The elevated part of the rib cage and the lumbar hump are always seen on the convex side of the deformity! In the most common form of scoliosis, the right convex thoracic curvature results in forward rotation and elevation of the right scapula.

Conventional x-ray

  • Indicated to evaluate necessity for treatment (see “Treatment” below”)
  • Performed in cases of deviations > 7° on scoliometer measurements
  • Evaluation of the lateral curvature (in anterior-posterior projection, full-length views)
    • Major curvature: highest deviation from the perpendicular
    • Minor curvatures: compensatory deviations from the midline above and below the major curvature
    • Cobb angle: refers to the angle between the following lines
      • 1. Perpendicular to a line drawn across the superior endplate of the highest affected vertebra
      • 2. Perpendicular to a line drawn across the inferior endplate of the lowest affected vertebra
  • Estimation of vertebral rotation (Nash and Moe method): assessment of the position of the vertebral pedicles is relation to the vertebral bodies
  • Evaluation of skeletal maturity based on lateral ossification of the apophysis across the iliac crest (Risser sign) → relevant for prognosis
  • Lateral bending imaging of the spine: evaluation of curve flexibility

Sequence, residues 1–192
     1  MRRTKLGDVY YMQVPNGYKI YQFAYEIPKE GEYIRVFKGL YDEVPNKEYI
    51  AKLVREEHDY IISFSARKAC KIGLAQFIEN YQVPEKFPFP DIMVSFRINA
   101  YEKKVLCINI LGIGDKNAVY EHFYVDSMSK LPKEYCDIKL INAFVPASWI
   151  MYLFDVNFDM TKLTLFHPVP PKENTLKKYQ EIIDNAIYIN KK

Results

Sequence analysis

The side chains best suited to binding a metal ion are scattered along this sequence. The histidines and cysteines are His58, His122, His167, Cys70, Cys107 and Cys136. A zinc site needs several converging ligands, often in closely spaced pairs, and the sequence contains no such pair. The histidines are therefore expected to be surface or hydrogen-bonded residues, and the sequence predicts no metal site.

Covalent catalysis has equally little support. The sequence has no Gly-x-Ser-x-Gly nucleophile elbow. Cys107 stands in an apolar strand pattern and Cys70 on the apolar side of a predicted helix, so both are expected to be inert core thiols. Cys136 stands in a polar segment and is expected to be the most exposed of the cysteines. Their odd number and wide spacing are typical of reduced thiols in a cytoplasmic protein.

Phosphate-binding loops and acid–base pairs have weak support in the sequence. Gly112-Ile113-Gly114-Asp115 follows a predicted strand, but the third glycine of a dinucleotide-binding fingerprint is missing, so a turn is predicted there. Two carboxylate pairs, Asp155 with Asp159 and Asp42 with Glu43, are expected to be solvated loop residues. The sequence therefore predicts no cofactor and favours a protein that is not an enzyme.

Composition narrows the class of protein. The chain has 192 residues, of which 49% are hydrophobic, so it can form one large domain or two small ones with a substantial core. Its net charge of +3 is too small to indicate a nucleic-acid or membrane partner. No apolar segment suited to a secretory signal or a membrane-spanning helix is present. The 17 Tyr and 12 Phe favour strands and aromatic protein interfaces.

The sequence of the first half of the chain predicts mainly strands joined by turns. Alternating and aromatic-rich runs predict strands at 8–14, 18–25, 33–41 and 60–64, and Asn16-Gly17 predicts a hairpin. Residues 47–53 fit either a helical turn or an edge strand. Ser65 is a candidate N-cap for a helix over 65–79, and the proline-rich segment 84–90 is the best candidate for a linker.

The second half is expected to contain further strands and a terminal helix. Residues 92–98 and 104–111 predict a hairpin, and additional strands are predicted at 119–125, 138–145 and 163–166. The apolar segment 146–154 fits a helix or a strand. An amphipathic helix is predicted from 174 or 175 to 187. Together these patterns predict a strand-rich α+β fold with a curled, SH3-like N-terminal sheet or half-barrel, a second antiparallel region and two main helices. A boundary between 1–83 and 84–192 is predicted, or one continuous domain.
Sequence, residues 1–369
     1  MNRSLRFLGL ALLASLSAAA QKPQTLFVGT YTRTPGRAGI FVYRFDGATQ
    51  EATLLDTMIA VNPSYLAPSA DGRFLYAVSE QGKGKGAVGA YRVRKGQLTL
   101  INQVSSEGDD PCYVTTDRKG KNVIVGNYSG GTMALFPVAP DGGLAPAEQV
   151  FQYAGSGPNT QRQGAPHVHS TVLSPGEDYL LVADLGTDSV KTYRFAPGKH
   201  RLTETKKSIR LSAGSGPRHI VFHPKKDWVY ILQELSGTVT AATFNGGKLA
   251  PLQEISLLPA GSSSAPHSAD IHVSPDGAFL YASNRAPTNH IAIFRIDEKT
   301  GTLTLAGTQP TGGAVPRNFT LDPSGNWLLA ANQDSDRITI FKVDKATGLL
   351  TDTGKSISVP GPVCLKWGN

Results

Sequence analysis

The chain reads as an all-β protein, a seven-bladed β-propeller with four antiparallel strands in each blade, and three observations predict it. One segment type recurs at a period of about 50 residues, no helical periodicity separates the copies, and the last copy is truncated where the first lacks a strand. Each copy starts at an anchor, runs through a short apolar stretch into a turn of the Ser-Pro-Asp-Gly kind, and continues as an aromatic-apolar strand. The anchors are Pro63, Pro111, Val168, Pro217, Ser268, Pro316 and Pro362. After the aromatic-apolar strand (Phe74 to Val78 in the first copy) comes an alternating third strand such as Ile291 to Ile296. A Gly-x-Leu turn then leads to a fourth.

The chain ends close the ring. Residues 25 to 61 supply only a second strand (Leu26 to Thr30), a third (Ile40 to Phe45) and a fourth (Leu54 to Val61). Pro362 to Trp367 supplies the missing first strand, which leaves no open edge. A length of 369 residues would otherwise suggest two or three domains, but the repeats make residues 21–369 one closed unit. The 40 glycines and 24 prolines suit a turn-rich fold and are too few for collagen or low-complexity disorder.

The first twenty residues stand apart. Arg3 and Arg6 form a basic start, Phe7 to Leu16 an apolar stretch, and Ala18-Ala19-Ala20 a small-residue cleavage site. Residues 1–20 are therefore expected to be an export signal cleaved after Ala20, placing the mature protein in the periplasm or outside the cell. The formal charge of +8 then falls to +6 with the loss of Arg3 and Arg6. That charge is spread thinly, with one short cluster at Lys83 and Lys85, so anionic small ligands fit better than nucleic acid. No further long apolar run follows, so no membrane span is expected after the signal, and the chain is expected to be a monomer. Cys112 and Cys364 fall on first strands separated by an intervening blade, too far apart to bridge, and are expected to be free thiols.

Every school-aged child should undergo a physical examination of the spine in order to rule out scoliosis. Scoliosis is frequently an incidental finding.

Secondary scoliosis

Leg-length discrepancy (short-leg syndrome)

  • Definition: A condition caused by a difference in length between each lower extremity that results in functional impairment, compensatory structural and gait abnormalities, and degenerative joint processes.
  • Etiology
  • Clinical features
    • Abnormal gait (often presents in childhood)
    • Lower back pain
    • Noticeable deformities (e.g., scoliosis)
    • Somatic dysfunction
    • Progressive joint degeneration
  • Physical examination
    • Abnormalities in gait
    • Rotated pelvis
    • Unleveling of the sacrum
    • Lateral thoracic and lumbar curvatures
  • Diagnostics
  • Treatment
    • Nonsurgical approach
      • Observation: if a child has not reached skeletal maturity
      • Shoe-lifts
    • Surgical approach

The differential diagnoses listed here are not exhaustive.

  • Treatment based on the Cobb angle [1]
    • Cobb angle < 10°: per definition not scoliosis, and therefore not monitored
    • Cobb angle 10–19°: continual monitoring for progression
    • Cobb angle 20–29°: monitoring or bracing
    • Cobb angle 30–39°: bracing
    • Cobb angle > 40° or rapidly progressing scoliosis: surgery
  • Bracing
    • 18 hours/day, if possible
    • Bracing is usually able to halt progression, but cannot cure the underlying condition.
  • Surgery

References:[3]

  1. Konieczny MR, Senyurt H, Krauspe R.. Epidemiology of adolescent idiopathic scoliosis. Journal of Children's Orthopaedics. 2013; 7 (1): p.3-9. doi: 10.1007/s11832-012-0457-4 . | Open in Read by QxMD
  2. Juvenile Idiopathic Scoliosis. http://www.srs.org/patients-and-families/conditions-and-treatments/parents/scoliosis/early-onset-scoliosis/juvenile-idiopathic-scoliosis. Updated: December 21, 2016. Accessed: December 21, 2016.
  3. Asher MA, Burton DC. Adolescent idiopathic scoliosis: natural history and long term treatment effects. Scoliosis. 2006; 1 (1): p.2.